I just read an amazing and heart-warming story of four people–two men and two women; mostly strangers–they had to quickly trust each other at a critical and terrifying moment to save the life of someone they didn’t know. They took on a mob of very angry people in a city that was inflamed.
A link to the Yahoo News story and some snippets are below. While the incident mentioned in the first paragraph below is well-known, it is what happened in the midst of all that anger and terror on which my post is focused.
“In one of the most disturbing images from the Los Angeles riots, six black assailants dragged Reginald Denny, a 33-year-old truck driver, out of his truck in South Los Angeles and bashed his head in with a brick… The attack happened shortly after not-guilty verdicts were handed down in the racially charged trial of the police beating of Rodney King, which kicked off six days of rioting that left dozens dead and thousands injured.”
Murphy saw that Denny had managed to drag himself back into the cab of the truck, which was moving very slowly. Murphy ran to the passenger side and jumped on the running board; he saw a woman named Lei Yuille comforting Denny inside the cab. Just then, a hulking guy named Bobby Green leaped on the running board of the other side. The two stared at each other through the windows, each fearing the other was a rioter.
“I asked him, ‘Who are you? What are you going to do?'” Murphy says. “He said, ‘What are you going to do?’ I didn’t know he was thinking the same thing I was thinking. I figured I had to take him on, he figured he had to take me on. We were both over 6 feet tall. I told him I was going to drive the truck and he said, ‘I’m a truck driver.’ That was the end of that.”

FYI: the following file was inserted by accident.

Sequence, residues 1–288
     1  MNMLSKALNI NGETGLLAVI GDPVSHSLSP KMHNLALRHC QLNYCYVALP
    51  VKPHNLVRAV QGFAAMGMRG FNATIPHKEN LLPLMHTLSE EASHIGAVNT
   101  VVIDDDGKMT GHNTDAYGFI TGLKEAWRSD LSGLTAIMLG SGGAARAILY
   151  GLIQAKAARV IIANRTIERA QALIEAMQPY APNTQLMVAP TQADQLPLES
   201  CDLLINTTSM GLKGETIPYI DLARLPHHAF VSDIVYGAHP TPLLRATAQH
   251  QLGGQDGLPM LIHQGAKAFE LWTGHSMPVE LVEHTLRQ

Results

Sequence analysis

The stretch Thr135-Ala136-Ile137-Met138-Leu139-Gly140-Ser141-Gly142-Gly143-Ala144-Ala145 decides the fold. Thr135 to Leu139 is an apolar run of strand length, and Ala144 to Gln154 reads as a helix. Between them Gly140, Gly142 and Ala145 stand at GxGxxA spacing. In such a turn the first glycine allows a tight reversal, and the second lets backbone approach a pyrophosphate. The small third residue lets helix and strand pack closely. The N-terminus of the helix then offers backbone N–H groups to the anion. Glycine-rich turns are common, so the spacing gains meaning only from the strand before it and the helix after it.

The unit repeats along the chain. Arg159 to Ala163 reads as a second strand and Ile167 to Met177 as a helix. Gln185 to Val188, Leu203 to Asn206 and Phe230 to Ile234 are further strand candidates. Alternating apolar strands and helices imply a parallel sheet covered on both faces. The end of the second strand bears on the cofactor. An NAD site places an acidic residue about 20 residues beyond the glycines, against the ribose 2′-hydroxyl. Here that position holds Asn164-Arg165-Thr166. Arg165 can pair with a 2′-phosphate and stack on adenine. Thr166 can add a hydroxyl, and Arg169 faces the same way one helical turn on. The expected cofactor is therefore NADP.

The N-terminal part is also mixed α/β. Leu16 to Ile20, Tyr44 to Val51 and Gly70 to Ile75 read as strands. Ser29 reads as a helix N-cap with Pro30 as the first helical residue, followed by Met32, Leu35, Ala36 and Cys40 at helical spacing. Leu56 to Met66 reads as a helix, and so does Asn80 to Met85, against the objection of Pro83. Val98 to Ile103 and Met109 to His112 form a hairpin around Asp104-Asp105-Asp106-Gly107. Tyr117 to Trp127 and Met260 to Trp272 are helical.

From his position on the running board, Murphy was also able to guide Green, who couldn’t see through the truck’s cracked windows. “Each one of us could not carry on the task without the other,” says Murphy. “Bobby couldn’t drive the truck without me on the outside. Mr. Denny was attended to from the inside [by Yuille], and we couldn’t drive the truck without Terry in the front of us.”
The result was a perfect collaboration. “We all came together as a team,” he says. “It was like it was meant to be.”
“His four rescuers, who were all black, became a symbol of hope in the devastating violence that engulfed the city for three days.”
“In every major city in America and in cities all over the world the same thing could happen,” says Murphy,”until we decide as a people that we work together and stop looking at things as race but realize we’re all one.”
I don’t recall hearing about these four courageous people 20 years ago. I remember the news media repeatedly showing the beatings and atrocities. I wonder what would have happened if the media had decided to focus at least a little more energy on the many people of all colors who were working together to save lives, and risking much to do so.
The four people mentioned above are all Heroes of Humanity to me.